“COVID-19 will reshape our world. We don’t know yet when the crisis will end. But we can be sure that by the time it does, our world will look very different.”
– Josep Borrell, President of the European Parliament
It’s safe to say that the pandemic has had an unprecedented impact on almost every area of our lives. This includes our mental/physical health, personal finances and overall well-being.
There are no other areas that have required a greater paradigm shift more than the workplace. The pandemic has challenged our resilience, agility and capacity to adjust to changing workplace dynamics. Whether you are a senior-level executive or an associate attorney, operating by the old norms in your pre-pandemic playbook isn’t going to cut it.
How the Pandemic Has Impacted Employees and Companies
COVID’s impact on employees. Since the onset of the pandemic, stress and uncertainty have made it challenging for people to thrive at home and work. Rising unemployment rates, inflation and health concerns have amplified the stress and frustrations of millions of people globally.
Burnout has increased significantly during the COVID-19 pandemic. This is especially true for women. As a result of the pandemic, many women have found it increasingly difficult to balance personal responsibilities and professional obligations. These challenges have caused 25 percent of professional women to consider downshifting their careers or leaving the workforce altogether.
When it comes to corporate job burnout, CEOs and senior executives are not immune. They experience as much stress (or more) as the employees that they lead. The only difference is they are expected to maintain a certain level of confidence and poise even if they are at the end of their ropes.
Within the past two years, hundreds of CEOs and executives have resigned from their positions to pursue less stressful ventures. In 2020, the average number of executive job openings on the ZipRecruiter website was 22,072.
Fast forward to October 2021, the average number of executive job openings on the same site surged to 40,681. The rise in executive job openings suggest that The Great Resignation is impacting more than low-wage employees.
Working remotely has provided an array of perks for many employees during the pandemic. However, there were a few downsides that disrupted work/life balance and contributed to employee performance anxiety. These include:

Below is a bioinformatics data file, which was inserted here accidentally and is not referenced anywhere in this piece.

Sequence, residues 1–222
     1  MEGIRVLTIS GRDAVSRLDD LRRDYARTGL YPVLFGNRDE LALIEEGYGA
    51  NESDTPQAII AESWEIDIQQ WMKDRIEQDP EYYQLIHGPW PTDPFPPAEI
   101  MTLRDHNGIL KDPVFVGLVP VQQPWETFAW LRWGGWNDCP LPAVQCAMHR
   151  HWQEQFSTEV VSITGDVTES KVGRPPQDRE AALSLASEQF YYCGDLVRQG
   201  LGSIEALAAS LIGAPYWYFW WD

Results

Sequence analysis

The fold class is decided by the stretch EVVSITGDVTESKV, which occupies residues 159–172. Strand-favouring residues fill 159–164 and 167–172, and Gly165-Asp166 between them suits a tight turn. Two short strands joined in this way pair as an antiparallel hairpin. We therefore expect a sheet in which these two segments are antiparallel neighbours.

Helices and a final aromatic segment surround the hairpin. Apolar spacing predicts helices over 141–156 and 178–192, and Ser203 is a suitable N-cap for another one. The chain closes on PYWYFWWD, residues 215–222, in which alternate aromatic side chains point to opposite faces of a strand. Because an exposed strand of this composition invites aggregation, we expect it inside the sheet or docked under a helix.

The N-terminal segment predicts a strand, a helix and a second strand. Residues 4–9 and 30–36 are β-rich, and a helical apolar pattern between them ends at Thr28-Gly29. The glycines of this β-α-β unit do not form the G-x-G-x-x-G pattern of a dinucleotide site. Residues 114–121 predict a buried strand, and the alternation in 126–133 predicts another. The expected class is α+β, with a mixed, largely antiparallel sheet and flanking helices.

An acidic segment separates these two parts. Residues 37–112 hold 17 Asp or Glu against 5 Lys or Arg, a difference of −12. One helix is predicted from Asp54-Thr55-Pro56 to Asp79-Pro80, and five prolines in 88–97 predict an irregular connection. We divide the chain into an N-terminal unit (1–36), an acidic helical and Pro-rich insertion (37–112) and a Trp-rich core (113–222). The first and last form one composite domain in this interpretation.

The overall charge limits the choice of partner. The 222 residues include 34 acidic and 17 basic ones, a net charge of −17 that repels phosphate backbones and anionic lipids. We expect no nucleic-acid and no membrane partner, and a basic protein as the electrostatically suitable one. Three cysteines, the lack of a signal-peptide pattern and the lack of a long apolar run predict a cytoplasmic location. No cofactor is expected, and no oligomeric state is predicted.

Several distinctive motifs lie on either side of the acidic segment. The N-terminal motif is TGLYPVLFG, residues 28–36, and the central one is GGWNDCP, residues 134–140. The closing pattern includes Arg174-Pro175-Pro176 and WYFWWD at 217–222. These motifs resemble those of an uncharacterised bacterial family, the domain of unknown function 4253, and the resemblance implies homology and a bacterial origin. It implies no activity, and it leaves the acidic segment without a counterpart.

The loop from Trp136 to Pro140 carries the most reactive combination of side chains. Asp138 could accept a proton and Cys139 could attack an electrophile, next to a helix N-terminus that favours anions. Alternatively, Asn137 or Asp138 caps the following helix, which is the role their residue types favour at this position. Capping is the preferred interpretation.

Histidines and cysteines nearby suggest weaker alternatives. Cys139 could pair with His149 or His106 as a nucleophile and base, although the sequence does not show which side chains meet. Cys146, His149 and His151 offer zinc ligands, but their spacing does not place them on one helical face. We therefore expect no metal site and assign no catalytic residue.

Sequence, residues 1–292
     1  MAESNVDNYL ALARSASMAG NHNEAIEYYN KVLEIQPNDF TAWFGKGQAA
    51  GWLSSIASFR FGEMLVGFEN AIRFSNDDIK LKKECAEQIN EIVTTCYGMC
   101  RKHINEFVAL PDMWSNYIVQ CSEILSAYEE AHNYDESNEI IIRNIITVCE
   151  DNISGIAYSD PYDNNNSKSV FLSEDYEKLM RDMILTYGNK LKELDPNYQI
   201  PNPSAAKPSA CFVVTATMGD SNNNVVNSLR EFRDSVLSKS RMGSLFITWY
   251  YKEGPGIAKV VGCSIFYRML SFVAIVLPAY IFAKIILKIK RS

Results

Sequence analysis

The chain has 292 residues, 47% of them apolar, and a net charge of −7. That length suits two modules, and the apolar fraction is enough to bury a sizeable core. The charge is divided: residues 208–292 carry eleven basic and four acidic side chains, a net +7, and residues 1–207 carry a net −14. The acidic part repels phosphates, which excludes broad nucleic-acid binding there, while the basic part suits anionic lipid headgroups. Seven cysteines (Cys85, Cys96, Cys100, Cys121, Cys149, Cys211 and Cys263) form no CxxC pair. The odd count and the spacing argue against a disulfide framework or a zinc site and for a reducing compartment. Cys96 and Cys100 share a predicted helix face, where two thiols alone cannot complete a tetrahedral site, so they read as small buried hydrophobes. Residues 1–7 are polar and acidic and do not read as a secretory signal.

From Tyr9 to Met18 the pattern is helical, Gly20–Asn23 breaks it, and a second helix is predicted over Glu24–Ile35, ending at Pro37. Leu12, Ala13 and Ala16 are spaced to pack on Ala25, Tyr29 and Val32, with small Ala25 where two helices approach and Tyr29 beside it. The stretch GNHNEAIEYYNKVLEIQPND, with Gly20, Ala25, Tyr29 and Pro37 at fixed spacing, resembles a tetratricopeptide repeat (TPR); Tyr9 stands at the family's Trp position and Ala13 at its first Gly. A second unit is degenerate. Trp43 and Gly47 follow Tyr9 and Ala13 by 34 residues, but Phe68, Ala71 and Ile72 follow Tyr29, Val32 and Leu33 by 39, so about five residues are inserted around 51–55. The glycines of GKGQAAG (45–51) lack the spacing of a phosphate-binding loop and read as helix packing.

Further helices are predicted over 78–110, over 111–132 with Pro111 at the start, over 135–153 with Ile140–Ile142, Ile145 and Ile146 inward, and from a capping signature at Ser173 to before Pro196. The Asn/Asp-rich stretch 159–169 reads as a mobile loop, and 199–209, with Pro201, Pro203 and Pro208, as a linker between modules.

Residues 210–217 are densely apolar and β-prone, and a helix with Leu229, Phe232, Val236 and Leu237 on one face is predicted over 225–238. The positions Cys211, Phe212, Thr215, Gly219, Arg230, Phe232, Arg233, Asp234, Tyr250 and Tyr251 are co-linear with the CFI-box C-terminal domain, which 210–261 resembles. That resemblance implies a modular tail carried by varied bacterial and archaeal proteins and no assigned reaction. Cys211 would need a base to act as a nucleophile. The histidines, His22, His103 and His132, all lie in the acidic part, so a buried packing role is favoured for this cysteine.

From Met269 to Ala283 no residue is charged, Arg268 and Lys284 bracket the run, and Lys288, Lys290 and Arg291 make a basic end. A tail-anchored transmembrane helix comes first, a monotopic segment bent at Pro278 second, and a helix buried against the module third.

- More virtual meetings, phone calls and video chats.
- Added pressure to respond to after-hours emails from bosses and senior-level management.
- Employees working longer hours to prove their value to the organization.
- Taking on more projects to boost the chances of a bonus or stellar performance appraisal.
Recently, Gallup released its State of the Global Workplace 2021 Report. This 191-page document explores global insights on employee engagement, compensation and emotional well-being.
Overall, key insights from the report include:
- 50% of respondents reported that the Covid-19 pandemic had a significant impact on their lives.
- Only 20% of employees indicated that they are engaged at work.
- 32% of employees reported that they are thriving.
If our aim is to retain top talent within our organizations, we must implement initiatives that engage our employees. This means providing mentorship opportunities, offering mental health support and creating new workplace norms that work for everyone.
COVID’s impact on companies. At the beginning of the pandemic, local restrictions thrust many companies into survival mode. Organizations that didn’t have an existing remote work plan had to develop one quickly. Instead of focusing on growth, many companies began to set their sights on ‘just getting through’ the pandemic.
Agile companies with strong business models were able to successfully grow their customer base and revenue exponentially. Struggling companies were forced to shut down, reduce production or declare bankruptcy. The pandemic shined a bright light on each company’s strengths and flaws.
Based on findings by the World Bank, here is a glimpse of how the pandemic affected companies globally from October 2020 to January 2021.